Bethel Confederate cemetery

“It was the natural and affectionate desire of the Southern women of Knoxville, that the graves of Confederate soldiers who are buried here should not be neglected.” - Our Confederate Dead, 1892

After the war, the federal government systematically set about locating the Union dead buried around Knoxville and reinterring them in the new National Cemetery. Confederate dead did not get the same consideration. Establishment of a Confederate Cemetery was left to the local community, and removal of bodies to a common location was much more haphazard.

Almost immediately after the end of the war, ladies’ Confederate memorial associations began to organize across the South. Their stated purposes were straightforward but ambitious – to remove from wayside and battlefield Southern dead, to place them in cemeteries of their own, and to build monuments memorializing their sacrifice. Bethel Cemetery has been privately owned since 1873.  

Located on Bethel Avenue and down the road from the Mabry-Hazen House, the Bethel Cemetery contains more than 1,600 Confederate dead, including roughly one hundred who were killed in the battle of Fort Sanders. In addition, around 50 “Union Men”, 40 Civil War veterans, and several widows are interred here. The monument to the Confederate dead was erected by the Ladies Memorial Association and was unveiled on May 19, 1892. Contributors to the monument fund included both Confederate and Union veterans and the monument was erected in memory of the over 1,600 soldiers who are buried here. The Federal Government did not issue headstones for the Confederate dead until 1924.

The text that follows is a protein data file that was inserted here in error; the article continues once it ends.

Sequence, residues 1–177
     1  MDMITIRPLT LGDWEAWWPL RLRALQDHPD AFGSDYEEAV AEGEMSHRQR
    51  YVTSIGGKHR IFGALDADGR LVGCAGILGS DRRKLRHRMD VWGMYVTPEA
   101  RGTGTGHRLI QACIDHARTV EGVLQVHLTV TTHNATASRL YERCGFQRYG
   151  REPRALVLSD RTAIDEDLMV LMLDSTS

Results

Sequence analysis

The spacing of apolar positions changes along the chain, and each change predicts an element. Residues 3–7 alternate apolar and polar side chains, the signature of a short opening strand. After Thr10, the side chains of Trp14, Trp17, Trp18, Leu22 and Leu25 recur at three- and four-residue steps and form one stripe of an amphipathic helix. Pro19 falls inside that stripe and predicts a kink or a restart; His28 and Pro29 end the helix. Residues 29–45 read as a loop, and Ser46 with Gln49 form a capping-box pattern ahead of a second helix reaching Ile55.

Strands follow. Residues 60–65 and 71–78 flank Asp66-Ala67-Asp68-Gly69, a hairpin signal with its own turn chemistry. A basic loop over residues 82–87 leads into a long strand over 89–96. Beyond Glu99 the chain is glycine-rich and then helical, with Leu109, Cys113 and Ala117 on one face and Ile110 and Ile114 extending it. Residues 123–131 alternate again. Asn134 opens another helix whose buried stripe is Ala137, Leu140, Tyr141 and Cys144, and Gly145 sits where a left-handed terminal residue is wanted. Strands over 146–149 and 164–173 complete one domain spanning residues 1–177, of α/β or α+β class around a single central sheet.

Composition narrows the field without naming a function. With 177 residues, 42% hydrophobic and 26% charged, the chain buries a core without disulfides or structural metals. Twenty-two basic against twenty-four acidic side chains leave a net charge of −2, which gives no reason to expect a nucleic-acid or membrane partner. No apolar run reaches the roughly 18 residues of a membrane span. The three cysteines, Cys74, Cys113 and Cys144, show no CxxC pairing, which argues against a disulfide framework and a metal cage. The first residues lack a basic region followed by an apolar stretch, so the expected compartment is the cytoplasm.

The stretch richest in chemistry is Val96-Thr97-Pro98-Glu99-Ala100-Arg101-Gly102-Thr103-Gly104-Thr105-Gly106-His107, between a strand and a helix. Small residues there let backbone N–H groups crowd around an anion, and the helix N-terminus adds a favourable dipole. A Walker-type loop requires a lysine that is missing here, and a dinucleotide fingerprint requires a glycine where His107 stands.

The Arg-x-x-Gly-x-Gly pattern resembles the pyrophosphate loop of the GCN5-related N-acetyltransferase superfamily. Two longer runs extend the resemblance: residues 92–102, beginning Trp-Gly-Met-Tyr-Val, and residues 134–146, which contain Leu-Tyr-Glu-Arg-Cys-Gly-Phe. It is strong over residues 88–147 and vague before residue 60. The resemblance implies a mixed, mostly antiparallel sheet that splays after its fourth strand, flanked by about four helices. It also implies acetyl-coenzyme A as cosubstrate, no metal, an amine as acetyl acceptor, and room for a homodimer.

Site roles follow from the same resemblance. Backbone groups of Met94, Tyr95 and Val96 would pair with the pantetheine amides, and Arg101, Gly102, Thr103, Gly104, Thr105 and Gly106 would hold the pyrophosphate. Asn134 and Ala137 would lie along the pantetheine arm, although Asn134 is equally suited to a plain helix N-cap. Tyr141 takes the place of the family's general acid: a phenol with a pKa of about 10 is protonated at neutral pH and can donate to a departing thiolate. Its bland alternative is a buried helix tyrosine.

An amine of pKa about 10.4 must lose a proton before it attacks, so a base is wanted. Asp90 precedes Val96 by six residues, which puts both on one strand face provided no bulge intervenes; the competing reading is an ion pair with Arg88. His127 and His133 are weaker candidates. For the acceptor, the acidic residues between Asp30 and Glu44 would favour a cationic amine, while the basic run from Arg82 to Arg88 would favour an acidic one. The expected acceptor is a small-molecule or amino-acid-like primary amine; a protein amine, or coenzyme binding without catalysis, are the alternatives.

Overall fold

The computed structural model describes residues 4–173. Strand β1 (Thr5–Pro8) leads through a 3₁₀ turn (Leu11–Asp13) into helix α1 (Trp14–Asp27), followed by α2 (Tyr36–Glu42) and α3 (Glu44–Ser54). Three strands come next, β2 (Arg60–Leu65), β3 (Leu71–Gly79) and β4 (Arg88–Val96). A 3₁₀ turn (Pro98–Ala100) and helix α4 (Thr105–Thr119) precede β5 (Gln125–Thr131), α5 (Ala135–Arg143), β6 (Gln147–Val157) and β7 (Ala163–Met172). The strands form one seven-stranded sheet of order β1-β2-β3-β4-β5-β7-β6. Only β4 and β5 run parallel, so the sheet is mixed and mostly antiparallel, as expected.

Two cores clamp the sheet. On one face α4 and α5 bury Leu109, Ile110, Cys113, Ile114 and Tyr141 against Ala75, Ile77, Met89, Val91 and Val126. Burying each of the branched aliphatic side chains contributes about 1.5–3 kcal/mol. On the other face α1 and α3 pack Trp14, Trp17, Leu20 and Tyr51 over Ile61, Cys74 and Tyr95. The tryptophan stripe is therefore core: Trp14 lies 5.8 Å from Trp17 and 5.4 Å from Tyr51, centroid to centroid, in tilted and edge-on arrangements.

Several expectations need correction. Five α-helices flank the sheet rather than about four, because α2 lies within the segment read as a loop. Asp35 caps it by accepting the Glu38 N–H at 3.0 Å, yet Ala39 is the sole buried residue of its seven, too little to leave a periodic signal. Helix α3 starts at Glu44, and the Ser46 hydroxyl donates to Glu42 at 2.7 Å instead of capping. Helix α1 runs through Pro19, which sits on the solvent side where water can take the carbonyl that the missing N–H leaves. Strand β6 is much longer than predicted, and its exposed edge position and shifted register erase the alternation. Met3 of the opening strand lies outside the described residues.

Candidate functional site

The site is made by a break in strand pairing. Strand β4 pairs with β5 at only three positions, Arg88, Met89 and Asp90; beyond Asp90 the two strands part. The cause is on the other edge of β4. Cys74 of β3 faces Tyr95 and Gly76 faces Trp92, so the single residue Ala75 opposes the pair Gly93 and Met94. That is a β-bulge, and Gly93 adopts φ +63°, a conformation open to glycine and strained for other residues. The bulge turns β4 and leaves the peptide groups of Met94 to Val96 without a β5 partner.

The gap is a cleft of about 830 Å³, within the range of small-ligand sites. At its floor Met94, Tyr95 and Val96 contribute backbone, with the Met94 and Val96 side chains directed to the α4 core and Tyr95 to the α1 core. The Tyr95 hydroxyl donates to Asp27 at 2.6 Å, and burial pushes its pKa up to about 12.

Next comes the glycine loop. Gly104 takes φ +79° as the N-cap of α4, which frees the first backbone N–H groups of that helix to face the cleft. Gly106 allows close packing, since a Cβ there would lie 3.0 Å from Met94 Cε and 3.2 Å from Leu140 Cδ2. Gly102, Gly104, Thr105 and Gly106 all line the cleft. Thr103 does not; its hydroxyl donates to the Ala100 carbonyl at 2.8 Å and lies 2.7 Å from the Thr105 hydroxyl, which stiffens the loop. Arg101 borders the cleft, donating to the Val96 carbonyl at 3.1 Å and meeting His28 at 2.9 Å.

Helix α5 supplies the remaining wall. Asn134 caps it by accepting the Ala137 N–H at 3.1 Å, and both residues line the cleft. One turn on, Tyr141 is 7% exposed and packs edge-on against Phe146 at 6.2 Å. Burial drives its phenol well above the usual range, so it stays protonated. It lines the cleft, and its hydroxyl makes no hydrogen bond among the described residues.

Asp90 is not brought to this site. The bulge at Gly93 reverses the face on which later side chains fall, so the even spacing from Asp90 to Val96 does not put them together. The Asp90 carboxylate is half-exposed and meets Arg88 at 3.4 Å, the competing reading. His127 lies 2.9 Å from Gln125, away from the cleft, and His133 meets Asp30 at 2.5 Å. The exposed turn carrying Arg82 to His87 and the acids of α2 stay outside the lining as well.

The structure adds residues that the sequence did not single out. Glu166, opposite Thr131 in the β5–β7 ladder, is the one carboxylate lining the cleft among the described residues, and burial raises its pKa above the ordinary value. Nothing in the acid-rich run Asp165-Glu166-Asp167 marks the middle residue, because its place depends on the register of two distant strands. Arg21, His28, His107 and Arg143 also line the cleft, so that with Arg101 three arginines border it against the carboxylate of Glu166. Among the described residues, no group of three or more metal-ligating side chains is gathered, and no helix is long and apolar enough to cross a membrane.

The cemetery was cared for and maintained by the Winstead family from 1886-1989. The last family descendent and caretaker, Miss Mamie Winstead, willed the cemetery to the Hazen Historical Museum Foundation in 1989. Meeting her wishes, the Foundation opened a small museum in 2011 which details the history of the cemetery as it pertains to the Civil War in Knoxville. Additional information may be obtained by contacting the Foundation.


You may download a copy of the Bethel Cemetery burial list by clicking here. This document is a consolidated listing of soldiers from Mamie Winstead's records, SCV Camp #87, a 1943 newspaper article, and records from local cemetery historian Robert McGinnis. We are currently working to match these listings with the Soldiers and Sailors system that can be found here.

Bethel Confederate Cemetery
1917 Bethel Ave.
Knoxville, TN 37915
865-522-8661 (office)

Open daily dawn to dusk.
Tours available by appointment. 
Cemetery Museum:
Saturdays, 10AM - 3PM or by appointment.

  • While the cemetery is open to the public, please keep in mind that it is also private property. Headstone rubbings or any other treatment is not permitted. We are happy to share our conservation plans with you. Donations towards upkeep and improvements are appreciated.